Wisconsin Gov. Scott Walker Repeals Milwaukee Paid Sick Days Law


Paying back his corporate donors and allies and sticking it to working families once again, Wisconsin Gov. Scott Walker (R) signed a bill that overturns Milwaukee’s paid sick leave law.

The law was passed with a 70 percent vote in 2008 and Milwaukee corporate interests soon filed suit against it, but in late March, the Wisconsin Court of Appeals upheld the law. Today, Walker went to the headquarters of the Metropolitan Milwaukee Association of Commerce (MMAC), the business group that tried to block the law, and signed the bill that preempts all Wisconsin communities from approving ordinances requiring paid sick days.

The bill was passed at the urging of the MMAC by the Republican-controlled legislature and specifically designed to block the Milwaukee law.  Dana Schultz, lead organizer for 9to5, the National Association of Working Women, says Walker’s action is “an assault on democracy, local control, and working families.”

Voters can see that the governor and state legislature are more committed to paying back their corporate donors than creating good jobs for Wisconsin.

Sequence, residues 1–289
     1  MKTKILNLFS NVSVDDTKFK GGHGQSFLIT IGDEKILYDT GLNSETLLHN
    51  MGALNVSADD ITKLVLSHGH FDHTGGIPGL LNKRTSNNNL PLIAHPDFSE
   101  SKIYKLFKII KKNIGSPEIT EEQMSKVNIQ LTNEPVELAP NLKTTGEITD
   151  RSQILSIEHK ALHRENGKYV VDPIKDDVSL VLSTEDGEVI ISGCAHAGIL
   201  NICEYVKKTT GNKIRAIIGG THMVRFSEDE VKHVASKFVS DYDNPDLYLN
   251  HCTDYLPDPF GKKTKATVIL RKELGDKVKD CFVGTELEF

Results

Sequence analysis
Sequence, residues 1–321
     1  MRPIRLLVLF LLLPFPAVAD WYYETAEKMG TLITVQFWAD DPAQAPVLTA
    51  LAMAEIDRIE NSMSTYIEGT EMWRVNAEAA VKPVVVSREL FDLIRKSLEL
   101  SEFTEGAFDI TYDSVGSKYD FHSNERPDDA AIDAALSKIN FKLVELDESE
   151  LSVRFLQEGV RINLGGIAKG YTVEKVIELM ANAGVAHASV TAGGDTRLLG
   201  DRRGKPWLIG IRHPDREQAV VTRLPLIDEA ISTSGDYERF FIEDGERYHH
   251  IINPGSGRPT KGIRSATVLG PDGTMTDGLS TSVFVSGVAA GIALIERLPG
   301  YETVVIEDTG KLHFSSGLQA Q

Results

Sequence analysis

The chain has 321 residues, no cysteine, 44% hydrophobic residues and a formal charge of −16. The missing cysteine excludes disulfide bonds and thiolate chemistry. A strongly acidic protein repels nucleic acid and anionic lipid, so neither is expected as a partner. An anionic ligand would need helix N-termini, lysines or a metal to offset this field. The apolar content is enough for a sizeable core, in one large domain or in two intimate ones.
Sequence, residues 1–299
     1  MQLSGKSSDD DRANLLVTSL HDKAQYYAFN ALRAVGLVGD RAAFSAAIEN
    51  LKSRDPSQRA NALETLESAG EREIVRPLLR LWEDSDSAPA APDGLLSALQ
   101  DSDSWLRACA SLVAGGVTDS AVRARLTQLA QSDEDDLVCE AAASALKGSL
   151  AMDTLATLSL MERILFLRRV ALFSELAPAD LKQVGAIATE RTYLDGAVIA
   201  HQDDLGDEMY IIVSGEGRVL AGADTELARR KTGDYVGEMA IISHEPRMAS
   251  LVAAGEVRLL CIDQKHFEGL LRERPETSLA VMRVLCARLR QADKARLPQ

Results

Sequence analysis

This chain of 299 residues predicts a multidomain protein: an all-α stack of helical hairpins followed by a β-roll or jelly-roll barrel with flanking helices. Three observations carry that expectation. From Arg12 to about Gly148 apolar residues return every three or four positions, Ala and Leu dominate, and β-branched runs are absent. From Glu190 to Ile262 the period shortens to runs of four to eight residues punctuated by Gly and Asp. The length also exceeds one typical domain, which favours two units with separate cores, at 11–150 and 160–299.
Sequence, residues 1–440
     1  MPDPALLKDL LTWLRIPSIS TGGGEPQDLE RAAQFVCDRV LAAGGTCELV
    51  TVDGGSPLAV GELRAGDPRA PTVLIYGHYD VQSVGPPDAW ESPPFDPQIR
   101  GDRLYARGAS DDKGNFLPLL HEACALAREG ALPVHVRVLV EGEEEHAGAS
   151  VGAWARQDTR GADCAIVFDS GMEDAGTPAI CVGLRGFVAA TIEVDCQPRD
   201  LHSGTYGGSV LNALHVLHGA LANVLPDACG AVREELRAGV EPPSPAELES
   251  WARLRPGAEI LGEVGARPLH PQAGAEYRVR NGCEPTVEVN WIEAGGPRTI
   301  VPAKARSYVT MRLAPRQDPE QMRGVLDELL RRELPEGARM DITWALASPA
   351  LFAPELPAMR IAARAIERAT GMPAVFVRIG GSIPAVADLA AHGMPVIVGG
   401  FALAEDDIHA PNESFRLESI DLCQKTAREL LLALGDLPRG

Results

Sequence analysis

Milwaukee Area Labor Council President Shelia Cochran says state government should be working “for the people that elected them, not for a narrow group of corporate interests.”

The governor and his associates have disregarded the will of the voters, the decision of the court and opened the door to reverse local control wherever they see fit.

Walker’s action comes just days after he cynically announced a program to recognize state employees for the hard work—the same workers whose collective bargaining rights he stripped—and after he appointed a union-busting attorney to head the Wisconsin Employment Relations Commission.

Here’s a scary question. Who’s his next target?


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